The plasmid stability experiment indicated that the E. piscicida host did not lose pEPMS-18199 following subculture without antibiotic pressure. pEPMS-18199 carries a partition system (par) involved in segregating plasmids to daughter cells during cell division (Baxter and Funnell, 2014; Brooks and Hwang, 2017). In fact, partition mechanisms are known to be responsible for the positioning of plasmids inside the cell as well as are the most important determinant for the stable maintenance of low-copy-number plasmids (Baxter and Funnell, 2014). Besides the partition system, the sequence of pEPMS-18199 revealed three plasmid addiction proteins, including restriction endonuclease subunit M, endonuclease, and DNA cytosine methyltransferase. Plasmid addiction systems help ensure that plasmids remain established in the bacterial population even in the absence of selection pressure by preventing the survival of plasmid-free cells due to selective killing (Tschäpe, 1994; Kroll et al., 2010). Plasmid partition proteins and addiction systems likely contribute to stable maintenance and persistence of pEPMS-18199 in host cells. The stability of pEPMS-18199 suggests that, in addition to providing the host with antibiotic resistance, this naturally occurring plasmid may also confer other advantages to the host under certain environment conditions.
To our knowledge, this study describes for the first time a high molecular weight conjugative plasmid carrying AMR genes in an E. piscicida isolate in the United States. The presence of tetA/tetR, floR, and sul2 resistance genes on plasmid pEPMS-18199 mediate resistance to the three AMs approved for use in U.S. aquaculture. Interestingly, the frequency rate of MDR E. piscicida isolates is still low, resistant phenotypes was detected in 6.4% (3 out of 47) of the isolates among cases submitted to CVM/MSU Aquatic Research and Diagnostic Laboratory, Thad Cochran National Warmwater Aquaculture Center at Stoneville (unpublished data from 2018 annual case summary). Besides conferring the host strain with an AMR phenotype, pEPMS-18199 may also confer other advantages to the host. Careful and prudent use of antimicrobials in aquaculture production could help to reduce the persistence and propagation of such plasmid. Also, conducting AM sensitivity assays before antimicrobial therapy is strongly recommended.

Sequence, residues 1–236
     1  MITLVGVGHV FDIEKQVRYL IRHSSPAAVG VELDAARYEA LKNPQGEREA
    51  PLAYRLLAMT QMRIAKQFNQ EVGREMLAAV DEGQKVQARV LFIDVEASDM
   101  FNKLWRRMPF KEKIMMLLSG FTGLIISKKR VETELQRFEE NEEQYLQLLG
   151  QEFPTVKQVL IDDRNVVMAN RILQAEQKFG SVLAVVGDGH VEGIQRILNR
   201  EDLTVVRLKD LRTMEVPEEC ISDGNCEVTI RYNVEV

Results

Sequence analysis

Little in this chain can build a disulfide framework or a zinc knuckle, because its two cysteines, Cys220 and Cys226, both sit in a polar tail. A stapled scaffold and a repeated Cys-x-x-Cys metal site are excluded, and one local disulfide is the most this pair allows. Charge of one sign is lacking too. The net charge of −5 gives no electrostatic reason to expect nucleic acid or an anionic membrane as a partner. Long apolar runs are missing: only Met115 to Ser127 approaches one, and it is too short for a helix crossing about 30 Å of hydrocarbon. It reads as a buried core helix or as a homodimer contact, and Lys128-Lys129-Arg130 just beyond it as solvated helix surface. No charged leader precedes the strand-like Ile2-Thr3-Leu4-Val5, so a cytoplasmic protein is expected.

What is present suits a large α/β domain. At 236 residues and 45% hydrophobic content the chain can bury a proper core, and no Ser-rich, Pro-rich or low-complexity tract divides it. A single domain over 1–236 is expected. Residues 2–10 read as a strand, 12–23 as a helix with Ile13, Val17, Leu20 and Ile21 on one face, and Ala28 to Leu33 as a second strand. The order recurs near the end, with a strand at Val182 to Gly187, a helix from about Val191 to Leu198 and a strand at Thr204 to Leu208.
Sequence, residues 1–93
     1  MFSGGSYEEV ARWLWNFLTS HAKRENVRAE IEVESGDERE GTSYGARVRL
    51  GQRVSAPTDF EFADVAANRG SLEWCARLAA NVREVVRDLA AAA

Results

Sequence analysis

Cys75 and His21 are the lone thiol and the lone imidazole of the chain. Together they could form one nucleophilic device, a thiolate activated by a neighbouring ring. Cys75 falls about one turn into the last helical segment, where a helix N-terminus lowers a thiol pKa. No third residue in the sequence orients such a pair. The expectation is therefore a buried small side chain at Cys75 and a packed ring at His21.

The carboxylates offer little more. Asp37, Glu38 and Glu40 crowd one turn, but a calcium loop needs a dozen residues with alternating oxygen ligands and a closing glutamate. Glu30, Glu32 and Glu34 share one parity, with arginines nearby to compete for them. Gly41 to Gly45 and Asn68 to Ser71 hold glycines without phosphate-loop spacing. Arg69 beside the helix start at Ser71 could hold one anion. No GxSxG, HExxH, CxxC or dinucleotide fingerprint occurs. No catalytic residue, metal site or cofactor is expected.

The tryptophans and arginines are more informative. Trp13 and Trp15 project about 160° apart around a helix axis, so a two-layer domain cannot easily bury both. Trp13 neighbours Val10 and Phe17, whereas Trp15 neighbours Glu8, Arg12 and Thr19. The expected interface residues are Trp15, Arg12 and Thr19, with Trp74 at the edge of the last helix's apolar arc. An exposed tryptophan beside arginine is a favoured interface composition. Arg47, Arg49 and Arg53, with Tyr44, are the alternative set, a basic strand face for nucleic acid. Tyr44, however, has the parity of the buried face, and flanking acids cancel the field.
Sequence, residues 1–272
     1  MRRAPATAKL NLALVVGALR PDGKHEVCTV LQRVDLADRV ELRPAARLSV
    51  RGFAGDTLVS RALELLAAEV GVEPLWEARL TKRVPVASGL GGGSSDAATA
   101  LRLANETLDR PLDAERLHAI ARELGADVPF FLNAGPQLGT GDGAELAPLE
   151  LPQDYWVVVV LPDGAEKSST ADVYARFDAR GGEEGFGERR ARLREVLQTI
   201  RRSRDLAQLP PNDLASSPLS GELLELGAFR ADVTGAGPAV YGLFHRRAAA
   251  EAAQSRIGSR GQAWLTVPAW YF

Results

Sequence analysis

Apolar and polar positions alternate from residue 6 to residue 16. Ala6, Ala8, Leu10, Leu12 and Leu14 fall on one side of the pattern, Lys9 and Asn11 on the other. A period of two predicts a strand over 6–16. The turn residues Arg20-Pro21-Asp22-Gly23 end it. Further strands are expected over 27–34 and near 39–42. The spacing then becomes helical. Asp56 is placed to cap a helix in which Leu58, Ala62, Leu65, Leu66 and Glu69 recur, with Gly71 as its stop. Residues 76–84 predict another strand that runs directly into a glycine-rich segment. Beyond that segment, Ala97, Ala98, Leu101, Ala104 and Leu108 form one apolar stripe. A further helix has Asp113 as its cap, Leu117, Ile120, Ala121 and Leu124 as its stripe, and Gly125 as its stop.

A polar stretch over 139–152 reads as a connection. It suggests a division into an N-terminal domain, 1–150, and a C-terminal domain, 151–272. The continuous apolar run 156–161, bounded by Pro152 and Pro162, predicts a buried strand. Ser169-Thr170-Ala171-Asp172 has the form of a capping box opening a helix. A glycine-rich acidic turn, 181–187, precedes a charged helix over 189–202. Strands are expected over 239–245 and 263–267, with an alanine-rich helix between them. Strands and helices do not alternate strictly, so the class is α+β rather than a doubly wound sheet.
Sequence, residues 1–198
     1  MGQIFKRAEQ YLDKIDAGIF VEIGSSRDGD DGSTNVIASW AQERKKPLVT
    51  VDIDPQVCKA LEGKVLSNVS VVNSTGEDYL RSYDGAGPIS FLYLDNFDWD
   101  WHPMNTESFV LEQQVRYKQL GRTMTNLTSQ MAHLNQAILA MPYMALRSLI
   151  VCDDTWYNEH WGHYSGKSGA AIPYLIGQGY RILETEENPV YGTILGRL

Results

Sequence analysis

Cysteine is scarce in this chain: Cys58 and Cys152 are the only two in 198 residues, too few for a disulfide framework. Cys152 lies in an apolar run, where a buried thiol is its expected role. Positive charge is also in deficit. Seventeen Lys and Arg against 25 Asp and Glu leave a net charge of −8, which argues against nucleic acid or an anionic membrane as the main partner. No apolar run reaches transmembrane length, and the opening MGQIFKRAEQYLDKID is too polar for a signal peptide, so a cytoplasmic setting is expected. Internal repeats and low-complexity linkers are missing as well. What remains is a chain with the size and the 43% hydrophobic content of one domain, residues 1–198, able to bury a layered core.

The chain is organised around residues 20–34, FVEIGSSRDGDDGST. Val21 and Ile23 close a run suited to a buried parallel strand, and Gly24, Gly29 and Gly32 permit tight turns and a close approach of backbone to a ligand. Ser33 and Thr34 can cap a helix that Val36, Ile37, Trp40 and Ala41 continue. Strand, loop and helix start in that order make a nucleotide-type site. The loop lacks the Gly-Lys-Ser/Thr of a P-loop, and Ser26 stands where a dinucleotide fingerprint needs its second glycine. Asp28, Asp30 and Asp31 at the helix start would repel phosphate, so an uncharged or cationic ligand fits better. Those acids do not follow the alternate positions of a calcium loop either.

Data Availability Statement
The datasets generated for this manuscript can be found in GenBank under accession numbers CP035668.1 and CP035669.1
HA and ML designed the experiment. HA, RR, OO, and GW performed the experiment. HA wrote the draft. All authors read and review the manuscript.
Salary support to HA was provided by the Center for Biomedical Research Excellence in Pathogen–Host Interactions, National Institute of General Medical Sciences, and National Institutes of Health awarded grant number P20GM103646-07. This project was funded by College of Veterinary Medicine and by USDA-ARS SCA no. 58-6066-7081 titled MS Center for Food Safety and Post-Harvest Technology, MS Agricultural and Forestry Experiment Station.
Conflict of Interest
The authors declare that the research was conducted in the absence of any commercial or financial relationships that could be construed as a potential conflict of interest.
We thank the Aquatic Diagnostic Laboratory at the College of Veterinary Medicine for providing Edwardsiella piscicida strain MS-18-199. We also thank Mark A. Arick II and Chuan-Yu Hsu for providing assistance with Illumina sequencing.
The Supplementary Material for this article can be found online at: https://www.frontiersin.org/articles/10.3389/fcimb.2019.00404/full#supplementary-material
Abdelhamed, H., Lawrence, M. L., and Karsi, A. (2018a). Development and characterization of a novel live attenuated vaccine against enteric septicemia of catfish. Front. Microbiol. 9:1819. doi: 10.3389/fmicb.2018.01819